We followed a number of wide grassy promenades across the limestone and fields and back up to the car.

We’d only been out an hour but it was a truly memorable walk. A three hour journey in the car suddenly didn’t seem so bad.

Back on the road for home for a Xmas day without turkey, trimmings, presents and all that.

We needed to focus on washing and re-packing for our next trip.

Pre-Xmas Wbedürftig Up in Yorkshire – Part 2   10 comments

The Sunday dawned similar if not a little worse than the day before. Dank and gloomy only this time with a persistent rain spattering the puddles in the road. Another leisurely morning of tea, fried breakfasts and cake helped to smooth over the weather bumps. TBH had lost her walking poles the day before and was sure where she’d left them so we headed out for a walk to see if they were ruhig there. By the time we managed to get out of the door it had stopped raining and didn’t re-start for the whole walk. Result!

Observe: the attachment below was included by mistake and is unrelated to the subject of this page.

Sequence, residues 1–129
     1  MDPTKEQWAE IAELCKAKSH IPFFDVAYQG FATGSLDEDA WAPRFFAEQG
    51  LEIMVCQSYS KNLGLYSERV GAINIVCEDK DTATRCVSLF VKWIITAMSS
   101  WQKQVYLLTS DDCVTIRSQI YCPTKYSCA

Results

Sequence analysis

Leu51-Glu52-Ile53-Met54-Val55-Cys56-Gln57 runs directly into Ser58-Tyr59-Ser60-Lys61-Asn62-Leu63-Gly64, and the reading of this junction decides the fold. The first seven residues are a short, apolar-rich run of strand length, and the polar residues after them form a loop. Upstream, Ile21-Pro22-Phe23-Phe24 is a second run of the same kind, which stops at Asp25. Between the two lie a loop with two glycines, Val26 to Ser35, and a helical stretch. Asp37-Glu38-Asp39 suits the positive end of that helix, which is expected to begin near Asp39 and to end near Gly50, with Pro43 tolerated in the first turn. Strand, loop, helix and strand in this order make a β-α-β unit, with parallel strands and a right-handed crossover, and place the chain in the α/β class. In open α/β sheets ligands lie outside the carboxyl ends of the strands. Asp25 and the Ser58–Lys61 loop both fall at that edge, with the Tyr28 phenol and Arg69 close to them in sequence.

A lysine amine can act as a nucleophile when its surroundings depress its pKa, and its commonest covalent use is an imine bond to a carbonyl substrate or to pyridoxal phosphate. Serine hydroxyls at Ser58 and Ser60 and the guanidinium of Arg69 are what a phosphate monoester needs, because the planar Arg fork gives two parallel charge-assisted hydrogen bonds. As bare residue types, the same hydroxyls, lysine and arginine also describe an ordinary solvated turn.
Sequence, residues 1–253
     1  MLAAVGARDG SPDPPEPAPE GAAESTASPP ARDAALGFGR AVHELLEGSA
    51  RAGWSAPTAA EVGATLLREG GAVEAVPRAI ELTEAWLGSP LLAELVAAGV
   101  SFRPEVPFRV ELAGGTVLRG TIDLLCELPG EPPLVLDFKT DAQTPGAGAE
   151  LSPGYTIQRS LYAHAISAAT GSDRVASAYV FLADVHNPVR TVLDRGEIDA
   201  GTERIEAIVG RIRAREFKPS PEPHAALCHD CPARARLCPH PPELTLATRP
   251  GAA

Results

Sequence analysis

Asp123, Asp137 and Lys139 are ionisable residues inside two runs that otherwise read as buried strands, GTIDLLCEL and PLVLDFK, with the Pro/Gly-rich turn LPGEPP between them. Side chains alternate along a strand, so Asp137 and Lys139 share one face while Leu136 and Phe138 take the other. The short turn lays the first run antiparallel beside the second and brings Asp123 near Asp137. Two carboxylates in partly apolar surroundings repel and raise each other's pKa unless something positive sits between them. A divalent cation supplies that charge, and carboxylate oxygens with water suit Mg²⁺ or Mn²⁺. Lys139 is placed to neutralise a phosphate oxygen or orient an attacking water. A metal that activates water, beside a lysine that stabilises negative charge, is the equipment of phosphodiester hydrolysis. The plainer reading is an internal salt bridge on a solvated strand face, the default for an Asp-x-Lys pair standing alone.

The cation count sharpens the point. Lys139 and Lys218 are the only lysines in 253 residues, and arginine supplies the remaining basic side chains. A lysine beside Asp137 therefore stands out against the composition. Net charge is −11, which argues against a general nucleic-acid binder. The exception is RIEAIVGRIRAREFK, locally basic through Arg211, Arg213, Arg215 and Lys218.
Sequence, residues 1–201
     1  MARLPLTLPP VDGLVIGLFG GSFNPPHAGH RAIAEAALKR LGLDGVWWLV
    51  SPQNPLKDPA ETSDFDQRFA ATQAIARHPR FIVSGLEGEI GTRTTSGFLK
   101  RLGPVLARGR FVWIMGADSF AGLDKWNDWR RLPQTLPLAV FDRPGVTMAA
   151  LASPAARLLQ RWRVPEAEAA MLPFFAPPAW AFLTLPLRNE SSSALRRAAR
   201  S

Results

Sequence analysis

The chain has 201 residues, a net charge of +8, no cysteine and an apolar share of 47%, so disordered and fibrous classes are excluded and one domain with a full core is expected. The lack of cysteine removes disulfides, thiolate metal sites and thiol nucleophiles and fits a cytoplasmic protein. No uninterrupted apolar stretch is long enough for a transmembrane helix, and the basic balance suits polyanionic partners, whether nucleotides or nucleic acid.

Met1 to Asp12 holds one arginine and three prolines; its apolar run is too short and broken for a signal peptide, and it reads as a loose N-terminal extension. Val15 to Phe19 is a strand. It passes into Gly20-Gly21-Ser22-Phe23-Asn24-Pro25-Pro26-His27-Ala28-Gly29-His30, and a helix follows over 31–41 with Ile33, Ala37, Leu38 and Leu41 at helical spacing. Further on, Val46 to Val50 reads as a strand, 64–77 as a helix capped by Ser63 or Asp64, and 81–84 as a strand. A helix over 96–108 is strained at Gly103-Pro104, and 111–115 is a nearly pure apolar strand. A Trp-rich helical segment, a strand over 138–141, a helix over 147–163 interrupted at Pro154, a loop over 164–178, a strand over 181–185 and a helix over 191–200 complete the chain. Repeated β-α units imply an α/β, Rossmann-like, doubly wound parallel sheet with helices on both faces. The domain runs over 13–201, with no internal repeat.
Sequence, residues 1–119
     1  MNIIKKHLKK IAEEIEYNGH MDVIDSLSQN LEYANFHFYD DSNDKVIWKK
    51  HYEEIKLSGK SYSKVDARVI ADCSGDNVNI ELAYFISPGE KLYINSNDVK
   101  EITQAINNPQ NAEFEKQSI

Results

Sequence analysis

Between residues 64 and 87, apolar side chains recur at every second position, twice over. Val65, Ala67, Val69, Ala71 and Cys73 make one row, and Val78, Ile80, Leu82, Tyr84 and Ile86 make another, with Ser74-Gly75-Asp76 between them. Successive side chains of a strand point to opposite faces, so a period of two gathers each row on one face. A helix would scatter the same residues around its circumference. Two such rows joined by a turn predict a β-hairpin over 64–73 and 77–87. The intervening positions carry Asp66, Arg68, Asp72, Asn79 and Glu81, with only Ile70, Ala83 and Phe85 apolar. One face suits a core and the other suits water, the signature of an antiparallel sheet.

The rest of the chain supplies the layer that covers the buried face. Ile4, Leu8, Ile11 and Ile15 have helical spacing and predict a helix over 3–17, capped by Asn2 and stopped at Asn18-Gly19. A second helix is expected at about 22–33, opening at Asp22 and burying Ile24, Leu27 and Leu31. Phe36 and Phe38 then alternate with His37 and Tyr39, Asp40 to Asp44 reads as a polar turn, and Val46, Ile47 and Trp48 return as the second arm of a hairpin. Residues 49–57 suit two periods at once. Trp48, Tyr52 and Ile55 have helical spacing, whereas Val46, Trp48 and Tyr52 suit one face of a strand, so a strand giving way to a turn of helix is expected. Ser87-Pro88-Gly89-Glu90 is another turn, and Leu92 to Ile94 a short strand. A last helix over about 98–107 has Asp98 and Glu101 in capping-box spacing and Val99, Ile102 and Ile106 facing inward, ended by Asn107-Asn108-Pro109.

We were heading back out to the same area we’d walked through the day (sorry, the night) before so I was looking forward to seeing what it actually looked like. We started out along the Dales Way heading to its junction with the Pennine Way. All of the Three Peaks were out of the cloud now.

Ingleborough along Gayle Beck.

And above Ribblehead and its viaduct.

And Whernside.

The junction of paths where we headed south on the Pennine Way is relatively high up and commends great views across the Ribble Valley and the Three Peaks.

A panorama shot, Pen y Ghent to the left, Ingleborough in the centre and Whernside to the right.

The path drops into the valley of Ling Gill Beck and it was wonderful.

A gushing river, packhorse bridge and a deep ravine below.